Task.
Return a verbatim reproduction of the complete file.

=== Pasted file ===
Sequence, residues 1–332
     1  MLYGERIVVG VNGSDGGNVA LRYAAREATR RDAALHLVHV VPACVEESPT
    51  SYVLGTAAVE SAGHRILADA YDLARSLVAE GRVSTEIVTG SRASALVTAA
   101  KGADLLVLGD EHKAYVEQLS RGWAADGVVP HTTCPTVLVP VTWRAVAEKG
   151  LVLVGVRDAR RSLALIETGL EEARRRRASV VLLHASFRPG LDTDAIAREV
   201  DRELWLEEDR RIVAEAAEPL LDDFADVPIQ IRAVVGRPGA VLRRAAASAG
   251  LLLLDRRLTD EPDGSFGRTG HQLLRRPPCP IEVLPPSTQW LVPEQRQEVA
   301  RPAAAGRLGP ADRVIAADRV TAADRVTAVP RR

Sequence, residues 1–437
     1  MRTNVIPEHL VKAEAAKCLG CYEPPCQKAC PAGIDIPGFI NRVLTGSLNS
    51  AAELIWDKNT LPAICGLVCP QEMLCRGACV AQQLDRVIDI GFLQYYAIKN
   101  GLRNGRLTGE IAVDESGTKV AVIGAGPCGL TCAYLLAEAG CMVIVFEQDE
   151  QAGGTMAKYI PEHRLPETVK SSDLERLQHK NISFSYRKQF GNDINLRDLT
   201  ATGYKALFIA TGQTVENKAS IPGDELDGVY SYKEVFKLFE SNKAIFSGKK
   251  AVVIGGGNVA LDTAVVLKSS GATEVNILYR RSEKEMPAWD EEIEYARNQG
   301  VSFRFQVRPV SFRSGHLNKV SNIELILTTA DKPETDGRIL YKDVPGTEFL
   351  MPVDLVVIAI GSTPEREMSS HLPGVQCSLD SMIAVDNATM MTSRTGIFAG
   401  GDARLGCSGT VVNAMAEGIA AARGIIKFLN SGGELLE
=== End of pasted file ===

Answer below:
Sequence, residues 1–332
     1  MLYGERIVVG VNGSDGGNVA LRYAAREATR RDAALHLVHV VPACVEESPT
    51  SYVLGTAAVE SAGHRILADA YDLARSLVAE GRVSTEIVTG SRASALVTAA
   101  KGADLLVLGD EHKAYVEQLS RGWAADGVVP HTTCPTVLVP VTWRAVAEKG
   151  LVLVGVRDAR RSLALIETGL EEARRRRASV VLLHASFRPG LDTDAIAREV
   201  DRELWLEEDR RIVAEAAEPL LDDFADVPIQ IRAVVGRPGA VLRRAAASAG
   251  LLLLDRRLTD EPDGSFGRTG HQLLRRPPCP IEVLPPSTQW LVPEQRQEVA
   301  RPAAAGRLGP ADRVIAADRV TAADRVTAVP RR

Sequence, residues 1–437
     1  MRTNVIPEHL VKAEAAKCLG CYEPPCQKAC PAGIDIPGFI NRVLTGSLNS
    51  AAELIWDKNT LPAICGLVCP QEMLCRGACV AQQLDRVIDI GFLQYYAIKN
   101  GLRNGRLTGE IAVDESGTKV AVIGAGPCGL TCAYLLAEAG CMVIVFEQDE
   151  QAGGTMAKYI PEHRLPETVK SSDLERLQHK NISFSYRKQF GNDINLRDLT
   201  ATGYKALFIA TGQTVENKAS IPGDELDGVY SYKEVFKLFE SNKAIFSGKK
   251  AVVIGGGNVA LDTAVVLKSS GATEVNILYR RSEKEMPAWD EEIEYARNQG
   301  VSFRFQVRPV SFRSGHLNKV SNIELILTTA DKPETDGRIL YKDVPGTEFL
   351  MPVDLVVIAI GSTPEREMSS HLPGVQCSLD SMIAVDNATM MTSRTGIFAG
   401  GDARLGCSGT VVNAMAEGIA AARGIIKFLN SGGELLE